by Petro Poutanen
The collaborative capacity of the Web might bring about a new era of human intelligence: the social singularity. The social singularity refers to collective human intelligence enabled by a huge number of interconnected individuals. Imagine the possibilities of an enormous information pool that the millions of web users comprise. Some examples are Wikipedia and more recently Aardvark that provides an extended social network for answering people’s unique questions. Also firms are seeking ways to benefit from the collaborative capacity. For example, a firm called InnoCentive provides a common platform for companies looking for solutions and people willing to solve companies’ problems. What is important here is that people are contributing creative outcomes without centrally planned organizations. So the question goes: How the emergence of social singularity makes collaborative creativity possible?
Momentarily, we are lacking a common, coherent theory of network-based collaboration but having multiple terms for the phenomenon (crowdsourcing, collective intelligence, open innovation, the wisdom of the crowd – to mention but a few). Clearly, we are talking about some kind of “self-organizing” – an uncoordinated behavior of a large mass that produces something coherent and cogent collectively – yet we don’t know if there is a single logic behind the different kinds of self-organizing systems, such as ant colonies and human brains.
I have tried to figure out how to describe a system of collaborative creativity in online. What happens when people solve problems collaboratively? I have come to think about this as a system of creativity. The famous systems model of creativity suggested by Mihaly Csikzentmihalyi is constituted of three parts: the cultural domain, the field of experts and the individual. For creativity to emerge, the individual must produce a novel variation of cultural information, which is then subsequently selected by the field for inclusion in the cultural domain. Thus, creativity is the product of all constituent parts in the system and emerges from the interplay of them.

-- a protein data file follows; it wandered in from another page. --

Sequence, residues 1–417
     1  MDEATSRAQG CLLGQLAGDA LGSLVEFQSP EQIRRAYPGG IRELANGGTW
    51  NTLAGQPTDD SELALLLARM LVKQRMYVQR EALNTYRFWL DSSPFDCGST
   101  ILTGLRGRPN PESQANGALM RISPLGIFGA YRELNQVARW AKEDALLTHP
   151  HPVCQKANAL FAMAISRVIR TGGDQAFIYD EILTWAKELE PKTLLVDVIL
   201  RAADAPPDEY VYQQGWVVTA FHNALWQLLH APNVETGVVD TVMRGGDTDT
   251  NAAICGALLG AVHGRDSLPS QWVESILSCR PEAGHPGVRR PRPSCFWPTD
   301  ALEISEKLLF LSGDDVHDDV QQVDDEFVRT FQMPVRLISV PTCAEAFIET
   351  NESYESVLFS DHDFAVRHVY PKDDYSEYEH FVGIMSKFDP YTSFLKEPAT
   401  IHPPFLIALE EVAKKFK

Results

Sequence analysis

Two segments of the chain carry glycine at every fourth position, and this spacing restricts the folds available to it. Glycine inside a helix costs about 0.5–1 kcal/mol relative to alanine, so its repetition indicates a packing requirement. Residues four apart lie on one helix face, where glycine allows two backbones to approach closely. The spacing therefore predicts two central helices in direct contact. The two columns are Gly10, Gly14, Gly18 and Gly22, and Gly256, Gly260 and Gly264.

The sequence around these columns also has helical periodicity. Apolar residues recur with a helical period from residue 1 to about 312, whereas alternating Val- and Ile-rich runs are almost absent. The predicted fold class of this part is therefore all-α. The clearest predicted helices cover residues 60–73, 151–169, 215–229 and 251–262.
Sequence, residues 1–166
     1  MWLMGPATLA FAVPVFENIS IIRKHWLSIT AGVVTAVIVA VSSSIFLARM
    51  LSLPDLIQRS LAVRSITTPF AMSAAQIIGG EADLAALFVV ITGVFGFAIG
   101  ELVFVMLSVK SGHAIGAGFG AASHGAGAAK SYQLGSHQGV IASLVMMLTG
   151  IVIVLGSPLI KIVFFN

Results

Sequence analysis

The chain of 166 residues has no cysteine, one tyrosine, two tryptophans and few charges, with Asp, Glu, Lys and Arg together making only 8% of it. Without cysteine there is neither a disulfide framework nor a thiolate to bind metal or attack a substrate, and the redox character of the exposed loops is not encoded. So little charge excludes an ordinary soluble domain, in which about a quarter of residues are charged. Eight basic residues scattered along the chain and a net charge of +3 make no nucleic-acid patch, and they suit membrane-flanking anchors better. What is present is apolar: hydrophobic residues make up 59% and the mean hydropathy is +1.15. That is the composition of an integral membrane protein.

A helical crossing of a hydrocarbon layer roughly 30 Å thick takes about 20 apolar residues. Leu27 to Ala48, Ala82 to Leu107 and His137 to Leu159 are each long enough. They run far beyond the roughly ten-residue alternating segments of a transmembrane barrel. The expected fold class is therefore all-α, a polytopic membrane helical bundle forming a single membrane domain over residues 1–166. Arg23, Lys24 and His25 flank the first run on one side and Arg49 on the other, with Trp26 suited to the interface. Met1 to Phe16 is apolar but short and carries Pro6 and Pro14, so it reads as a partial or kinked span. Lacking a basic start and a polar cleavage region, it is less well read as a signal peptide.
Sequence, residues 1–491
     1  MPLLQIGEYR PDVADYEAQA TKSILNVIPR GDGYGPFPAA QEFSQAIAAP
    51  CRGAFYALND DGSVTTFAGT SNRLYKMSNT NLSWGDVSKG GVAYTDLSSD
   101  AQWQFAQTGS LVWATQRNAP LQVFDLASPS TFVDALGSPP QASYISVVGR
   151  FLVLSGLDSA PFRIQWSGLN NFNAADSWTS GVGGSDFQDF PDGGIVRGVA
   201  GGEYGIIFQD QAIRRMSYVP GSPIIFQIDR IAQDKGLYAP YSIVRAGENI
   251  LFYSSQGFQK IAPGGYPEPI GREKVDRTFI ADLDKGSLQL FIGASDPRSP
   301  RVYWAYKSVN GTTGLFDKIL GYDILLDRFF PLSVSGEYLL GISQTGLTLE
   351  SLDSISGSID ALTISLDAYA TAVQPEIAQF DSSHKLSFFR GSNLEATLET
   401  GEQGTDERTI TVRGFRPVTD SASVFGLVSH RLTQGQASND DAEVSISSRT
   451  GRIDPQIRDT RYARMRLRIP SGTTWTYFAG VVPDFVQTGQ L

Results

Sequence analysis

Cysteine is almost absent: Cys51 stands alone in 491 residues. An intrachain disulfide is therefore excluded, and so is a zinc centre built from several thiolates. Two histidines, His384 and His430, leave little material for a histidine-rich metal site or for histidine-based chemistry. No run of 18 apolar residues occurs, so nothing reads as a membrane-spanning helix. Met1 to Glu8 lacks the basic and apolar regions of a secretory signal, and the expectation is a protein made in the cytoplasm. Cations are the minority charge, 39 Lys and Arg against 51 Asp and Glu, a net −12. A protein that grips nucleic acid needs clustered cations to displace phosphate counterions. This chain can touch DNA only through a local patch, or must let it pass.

What would this model look like in the collaborative online environment? First of all, the creator (individual) and the evaluator (the field of experts) can be the same person. A person participating in a project of programming might contribute the project with a single line of code and simultaneously, by that very same contribution, act as a peer to another contributor by suggesting a modification to the code made by that participant. So, in a collaborative field anyone can be an expert and a creator at the same time. Secondly, we have knowledge that on the one hand belongs to the cultural background of a participant, and on the other hand to the field of continuous negotiation.
This perspective opens up a dual nature of both the contributor and the knowledge in a collaborative field: the contributor as a “creator” and “modifier”, and the knowledge as a “cultural” and “shared/negotiated”. And when thinking about this collaboration on the systemic level, it is the group in collaboration that decides whether a variation produced by an individual (on the basis of the collective work) is selected or not. The picture below illustrates that dynamics.
Figure 1. A model for Creative Collaboration in Online Environment. The process starts when a problem or a need for change occurs. An individual contributor proposes a solution to it in a form of a variation drawn from the cultural knowledge. Subsequently, other participants work as peers to the proposed variation and give feedback to participants. Then variation is modified, if necessary, and finally selected. After the requisite amount of iteration, the final solution is moved to the area of cultural knowledge.